Respiratory System The system of the human body that exchanges oxygen and waste gases to and from the circulatory system.

Retard Chamber

Retard Chamber Acts to prevent false alarms from a sudden pressure surge in the water supply by collecting a small volume of water before allowing a continued flow to the alarm device. The water from a surge is drained from a small hole in the bottom of the collection chamber.


Retention The digging of a hole in which to collect a spill. Can be used to contain a running spill or collect a spill from the water.


Ricin A biological toxin that can be used by a terrorist or other person attempting to kill or injure someone. It is the easiest terrorist agent to produce and one of the most common.


Ridge The land running between mountain peaks or along a wide peak. A high area separating two drainages running parallel with them.


Ringdown Circuits Telephone connection between two points. Going “off-hook” on one end of the circuit causes the telephone on the other end of the circuit to “ring” without having to dial a number.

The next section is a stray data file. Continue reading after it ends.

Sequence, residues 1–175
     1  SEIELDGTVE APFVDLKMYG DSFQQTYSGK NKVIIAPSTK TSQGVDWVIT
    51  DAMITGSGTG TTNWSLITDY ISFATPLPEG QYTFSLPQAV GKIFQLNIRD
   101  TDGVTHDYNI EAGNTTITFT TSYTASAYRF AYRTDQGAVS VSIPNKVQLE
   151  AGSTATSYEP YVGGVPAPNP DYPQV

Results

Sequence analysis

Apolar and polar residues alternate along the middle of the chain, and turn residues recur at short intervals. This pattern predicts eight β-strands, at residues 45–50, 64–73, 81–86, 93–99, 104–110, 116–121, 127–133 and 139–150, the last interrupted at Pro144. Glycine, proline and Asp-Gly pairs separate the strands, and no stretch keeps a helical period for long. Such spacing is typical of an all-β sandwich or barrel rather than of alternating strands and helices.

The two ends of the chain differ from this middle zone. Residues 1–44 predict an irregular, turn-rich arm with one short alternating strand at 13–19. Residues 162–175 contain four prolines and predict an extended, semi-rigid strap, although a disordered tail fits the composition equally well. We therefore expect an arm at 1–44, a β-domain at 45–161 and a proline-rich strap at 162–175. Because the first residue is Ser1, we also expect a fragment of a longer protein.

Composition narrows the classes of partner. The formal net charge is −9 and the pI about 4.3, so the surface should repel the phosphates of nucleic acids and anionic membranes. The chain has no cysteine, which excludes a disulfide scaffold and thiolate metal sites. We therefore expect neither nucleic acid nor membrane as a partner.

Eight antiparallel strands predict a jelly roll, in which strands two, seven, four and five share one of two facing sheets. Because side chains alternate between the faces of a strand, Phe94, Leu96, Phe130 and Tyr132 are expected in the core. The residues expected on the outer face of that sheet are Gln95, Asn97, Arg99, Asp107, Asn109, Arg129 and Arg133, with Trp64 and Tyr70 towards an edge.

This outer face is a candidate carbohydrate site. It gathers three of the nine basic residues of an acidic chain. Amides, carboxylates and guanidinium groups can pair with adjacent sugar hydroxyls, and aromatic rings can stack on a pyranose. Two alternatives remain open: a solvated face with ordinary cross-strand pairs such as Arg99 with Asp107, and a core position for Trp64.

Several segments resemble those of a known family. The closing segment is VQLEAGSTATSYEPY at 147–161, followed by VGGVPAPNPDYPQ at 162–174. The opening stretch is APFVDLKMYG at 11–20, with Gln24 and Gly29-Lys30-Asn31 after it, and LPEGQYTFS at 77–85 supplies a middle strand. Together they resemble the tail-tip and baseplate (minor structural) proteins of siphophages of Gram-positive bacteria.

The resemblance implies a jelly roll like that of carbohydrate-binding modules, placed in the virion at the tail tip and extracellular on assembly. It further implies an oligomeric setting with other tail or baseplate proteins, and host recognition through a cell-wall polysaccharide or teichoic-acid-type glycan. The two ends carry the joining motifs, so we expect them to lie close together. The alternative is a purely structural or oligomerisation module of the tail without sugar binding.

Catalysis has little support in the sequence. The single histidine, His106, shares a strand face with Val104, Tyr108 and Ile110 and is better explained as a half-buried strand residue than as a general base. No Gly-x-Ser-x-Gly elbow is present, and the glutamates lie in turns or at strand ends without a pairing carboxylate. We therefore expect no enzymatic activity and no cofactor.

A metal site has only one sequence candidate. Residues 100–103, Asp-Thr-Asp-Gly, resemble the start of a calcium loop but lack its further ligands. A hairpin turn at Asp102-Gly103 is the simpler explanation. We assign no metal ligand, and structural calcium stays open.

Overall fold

Risk The chance of injury, damage, or loss; hazard.


Risk-Based Response An approach to responding to a chemical incident by categorizing a chemical into a fire, corrosive, or toxic risk. Use of a risk-based approach can assist the responder in making tactical, evacuation, and PPE decisions.


Risk/Benefit An evaluation of the potential benefit that a task will accomplish in relationship to the hazards that will be faced while completing the task.


Risk Management The process of minimizing the chance, degree, or probability of damage, loss, or injury.